Two Weeping Kings

Awhile back, I was introduced to the talents of Eric Whitacre and his evocative song “When David Heard”, by my composer-friend, Zachary Horner (if you get the chance, be sure to check out his Sound Cloud account for samples of his own amazing work), and continue to be fascinated by the song’s depth and intensity conjured up by–most astounding!–the singing of just a single verse from 2nd Samuel.

“When David heard that Absalom was slain he went up into his chamber over the gate and wept, my son, my son, O Absalom my son, would God I had died for thee!” (2nd Sam. 18:23 KJV)

The song is brimming with emotion. It was nearly too much for me to bear the first time I heard it. When the voices got loud my eyes started to fill and I had the wild impulse to rip my earbuds out, cover my ears and run. I could picture it all–the gut-wrenching grief like voices screaming in my ears, chasing me down, hunting me like a wild animal then, as the voices quieted I could feel the loneliness creeping in like a quiet mist. I could see the memory of the long march back home, the uncertain glances from the soldiers as they watched their brave warrior-king retreat within himself, his eyes glazing over, unresponsive to those around him, uncaring of where he went next, his thoughts consumed by the one who was not with them, the son whom he loved and was dead. It was like a darkness had fallen over the whole company.

Later, it felt like a dream. It was easy for me to imagine King David waking up, panting, sweat glistening on his brow and sitting up in bed only for the silence to tear his soul more than his dream. I could feel the coldness, the unresponsiveness of the palace stone walls. I could feel the cry for answers, the despair, the emptiness.

In the final minute of the piece, it was as if the shepherd-king was standing on one of his many balconies, looking out over the business of the city, listening to the voices bubbling up from the market square and remembering all that once was. Time has passed and the gut-wrenching grief has passed, leaving behind only a dull ache.

He can never forget.
He can’t simply move on.
He can’t explain why.
It just is.

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The Profanity of Christian Films (that aren’t really Christian)

The Redemption of Henry Myers

Photo Aug 05, 8 58 42 PM

Network Premier: March 23rd, 2014
DVD release: June 10th, 2014
Dove Rating: 5 Stars for ages 12+
My Rating: 1 star for discerning audiences only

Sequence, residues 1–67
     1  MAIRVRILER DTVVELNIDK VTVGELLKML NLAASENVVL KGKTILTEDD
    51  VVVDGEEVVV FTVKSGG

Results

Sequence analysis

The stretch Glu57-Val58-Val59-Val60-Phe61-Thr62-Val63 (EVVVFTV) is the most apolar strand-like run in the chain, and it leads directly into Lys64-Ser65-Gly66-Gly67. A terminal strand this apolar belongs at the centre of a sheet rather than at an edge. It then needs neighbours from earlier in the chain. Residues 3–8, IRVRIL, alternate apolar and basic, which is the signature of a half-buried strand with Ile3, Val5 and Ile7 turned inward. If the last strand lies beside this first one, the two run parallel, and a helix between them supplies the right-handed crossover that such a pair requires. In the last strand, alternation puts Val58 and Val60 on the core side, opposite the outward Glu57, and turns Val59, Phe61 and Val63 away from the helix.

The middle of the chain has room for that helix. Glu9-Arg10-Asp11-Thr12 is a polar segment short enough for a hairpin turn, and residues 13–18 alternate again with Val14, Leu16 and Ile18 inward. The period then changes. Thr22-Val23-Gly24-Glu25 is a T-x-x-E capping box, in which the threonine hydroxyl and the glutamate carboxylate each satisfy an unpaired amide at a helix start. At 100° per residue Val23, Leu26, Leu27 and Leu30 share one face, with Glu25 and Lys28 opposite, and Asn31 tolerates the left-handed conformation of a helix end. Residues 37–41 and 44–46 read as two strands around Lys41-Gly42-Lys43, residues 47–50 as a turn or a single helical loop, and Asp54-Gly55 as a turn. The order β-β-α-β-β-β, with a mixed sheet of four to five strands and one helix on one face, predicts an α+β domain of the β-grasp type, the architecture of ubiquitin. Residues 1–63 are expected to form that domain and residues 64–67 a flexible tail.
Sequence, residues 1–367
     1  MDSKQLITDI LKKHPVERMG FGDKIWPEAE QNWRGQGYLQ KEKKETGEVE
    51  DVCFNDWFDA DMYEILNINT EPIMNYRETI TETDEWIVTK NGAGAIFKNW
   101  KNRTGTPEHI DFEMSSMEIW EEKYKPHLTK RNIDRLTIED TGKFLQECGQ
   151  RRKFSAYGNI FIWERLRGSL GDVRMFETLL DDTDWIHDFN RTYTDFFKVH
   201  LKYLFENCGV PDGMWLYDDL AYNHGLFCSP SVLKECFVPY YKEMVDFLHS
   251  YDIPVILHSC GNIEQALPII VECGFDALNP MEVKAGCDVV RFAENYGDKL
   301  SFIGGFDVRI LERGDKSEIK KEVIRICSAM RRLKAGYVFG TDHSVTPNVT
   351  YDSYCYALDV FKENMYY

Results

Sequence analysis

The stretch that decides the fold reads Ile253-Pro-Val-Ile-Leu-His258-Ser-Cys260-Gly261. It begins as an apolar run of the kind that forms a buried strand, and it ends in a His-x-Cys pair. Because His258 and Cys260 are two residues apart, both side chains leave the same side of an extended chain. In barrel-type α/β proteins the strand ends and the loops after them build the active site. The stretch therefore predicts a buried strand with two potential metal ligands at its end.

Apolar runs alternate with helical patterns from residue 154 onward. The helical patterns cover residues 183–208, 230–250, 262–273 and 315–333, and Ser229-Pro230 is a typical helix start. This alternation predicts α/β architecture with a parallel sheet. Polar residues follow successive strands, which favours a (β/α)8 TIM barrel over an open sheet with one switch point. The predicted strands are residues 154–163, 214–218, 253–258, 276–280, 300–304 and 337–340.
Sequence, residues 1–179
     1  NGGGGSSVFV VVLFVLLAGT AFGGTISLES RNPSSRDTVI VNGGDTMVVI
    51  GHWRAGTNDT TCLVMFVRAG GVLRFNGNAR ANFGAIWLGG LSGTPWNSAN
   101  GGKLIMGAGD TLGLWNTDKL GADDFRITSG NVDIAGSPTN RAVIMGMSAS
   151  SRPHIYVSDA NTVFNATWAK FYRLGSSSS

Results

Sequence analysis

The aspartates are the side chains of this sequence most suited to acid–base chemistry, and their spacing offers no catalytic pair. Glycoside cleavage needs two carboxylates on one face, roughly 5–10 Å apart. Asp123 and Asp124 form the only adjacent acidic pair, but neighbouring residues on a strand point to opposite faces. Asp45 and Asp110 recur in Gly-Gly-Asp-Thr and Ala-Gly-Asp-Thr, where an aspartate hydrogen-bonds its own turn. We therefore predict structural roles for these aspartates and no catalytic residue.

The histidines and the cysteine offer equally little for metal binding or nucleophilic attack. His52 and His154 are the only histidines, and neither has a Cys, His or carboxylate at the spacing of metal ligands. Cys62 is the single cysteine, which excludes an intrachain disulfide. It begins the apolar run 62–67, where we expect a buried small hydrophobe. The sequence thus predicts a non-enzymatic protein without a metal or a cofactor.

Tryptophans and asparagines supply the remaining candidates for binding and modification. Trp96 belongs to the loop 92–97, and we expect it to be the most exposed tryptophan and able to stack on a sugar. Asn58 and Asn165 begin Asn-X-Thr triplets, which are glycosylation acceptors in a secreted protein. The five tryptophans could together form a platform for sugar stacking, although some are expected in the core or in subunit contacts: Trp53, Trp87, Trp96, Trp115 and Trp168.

Photo Aug 14, 8 27 48 PM

It was a better quality film than most Independent Christian Films I’ve seen. The acting was decent, the cinematography was good. It was watchable…which is definitely a step in the right direction production-wise but can also be alarming if the message isn’t good.

The Redemption of Henry Myers was a film I wanted to like–and did enjoy at first. All the right elements were in place: basic character development, a solid character arc, endearing protagonist with shady backstory, antagonists out to get main character, main character that has to make big decision, plot twist that escalates tension, gripping scenes of powerful emotion, and finally, the heart-warming redemption of the main character that we’ve been expecting since reading the movie’s title. But all of this marked by the simplicity and profound naiveté characteristic of a manuscript written by a thirteen-year old girl. I’ve read a few, so I should know–heck, I’ve written a few!

But what passes as naiveté in thirteen-year-old girls is bad theology in adults. We are called to a higher level of discernment and must sift and test even the films that at first seem “good.”

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Book Completed on Goodreads: Paradise Lost

My Review from Goodreads:

http://www.amazon.com/gp/product/048644287X/ref=as_li_qf_sp_asin_il_tl?ie=UTF8&camp=1789&creative=9325&creativeASIN=048644287X&linkCode=as2&tag=livinheassha-20&linkId=F5ECKR6C4B7ELYXL

rating: 5 of 5 stars
bookshelves: read
status: Read from June 16 to 19, 2014
format: audiobook

review: There were some “little” changes here and there to the biblical account (such as Adam and Eve being parted at the moment of temptation) that become significant changes because of their implications (now Adam eats the forbidden fruit because he can’t bear to be parted from Eve) but in other details it is precise and insightful (the headship of Adam, substitutionary atonement, the spiritual significance of God’s clothing Adam and Eve, etc and etc).

What makes this an enduring classic and a book deserving to be on every Christians’ shelf is its portrayal of the gospel as a story–as the epic poem that it truly is. It will take your breath away.